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New and little-known Fallacia species (Bacillariophyta) from brackish and marine intertidal sandy sediments in northwest Europe and North America
Sabbe, K.; Witkowski, A.; Muylaert, K. (1999). New and little-known Fallacia species (Bacillariophyta) from brackish and marine intertidal sandy sediments in northwest Europe and North America. Phycologia 38(1): 8-22.
In: Phycologia. International Phycological Society: Odense. ISSN 0031-8884; e-ISSN 2330-2968, more
Peer reviewed article  

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    VLIZ: Open Repository 294618 [ OMA ]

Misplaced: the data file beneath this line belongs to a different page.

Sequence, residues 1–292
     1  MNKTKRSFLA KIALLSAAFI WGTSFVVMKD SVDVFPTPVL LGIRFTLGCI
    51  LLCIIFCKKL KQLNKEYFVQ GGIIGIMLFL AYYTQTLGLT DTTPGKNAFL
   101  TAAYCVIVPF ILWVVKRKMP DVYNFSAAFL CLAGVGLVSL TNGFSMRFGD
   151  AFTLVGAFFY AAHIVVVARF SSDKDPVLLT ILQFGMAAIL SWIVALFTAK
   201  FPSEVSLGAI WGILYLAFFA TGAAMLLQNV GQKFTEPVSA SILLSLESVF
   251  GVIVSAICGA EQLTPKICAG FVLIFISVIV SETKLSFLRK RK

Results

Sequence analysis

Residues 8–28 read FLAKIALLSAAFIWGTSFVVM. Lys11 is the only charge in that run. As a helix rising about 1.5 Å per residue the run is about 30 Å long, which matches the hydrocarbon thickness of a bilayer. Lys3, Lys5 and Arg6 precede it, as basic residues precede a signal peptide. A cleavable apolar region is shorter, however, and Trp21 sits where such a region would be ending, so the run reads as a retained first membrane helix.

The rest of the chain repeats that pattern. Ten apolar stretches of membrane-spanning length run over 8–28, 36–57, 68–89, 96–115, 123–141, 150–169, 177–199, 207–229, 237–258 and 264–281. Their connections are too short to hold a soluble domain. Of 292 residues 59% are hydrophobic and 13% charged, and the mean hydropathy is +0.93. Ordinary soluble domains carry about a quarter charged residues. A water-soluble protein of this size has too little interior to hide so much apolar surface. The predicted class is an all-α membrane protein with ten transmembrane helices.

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    Small diatoms belonging to the genus Fallacia often constitute a diverse component of the benthic protist communities of brackish and marine sandy sediments worldwide. However, the systematics of these organisms, and especially the epipsammic representatives, is incompletely known, and this seriously hampers the interpretation of ecological and biogeographical information. In this study, we give a detailed morphological and, where possible, cytological description of 10 Fallacia species from the Westerschelde estuary (The Netherlands); they are extensively compared to similar species. Autecological and biogeographical information on the considered taxa is provided as well. Four new species, Fallacia arenaria Sabbe et Vyverman, F. margino-punctala Sabbe et Vyverman, F. pulchella Sabbe et Muylaert, and F. scaldensis Sabbe et Muylaert, are described, and two new combinations, Fallacia escorialis (Simonsen) Sabbe et Vyverman and F. wuestii (Simonsen) Sabbe et Muylaert, are proposed. In addition, the type materials of several problematic taxa have been investigated. Examination of slides from other European and North American localities reveals that many small Fallacia species (including some of the newly described species) have been overlooked in previous studies. The large morphological heterogeneity in Fallacia notwithstanding, cytological and morphological evidence suggests that Fallacia forms a natural, monophyletic taxon, uniquely characterized by the possession of a porous conopeum, lateral (often depressed) sterna, and an H-shaped plastid. The main morphological characters used for species identification within Fallacia are evaluated.

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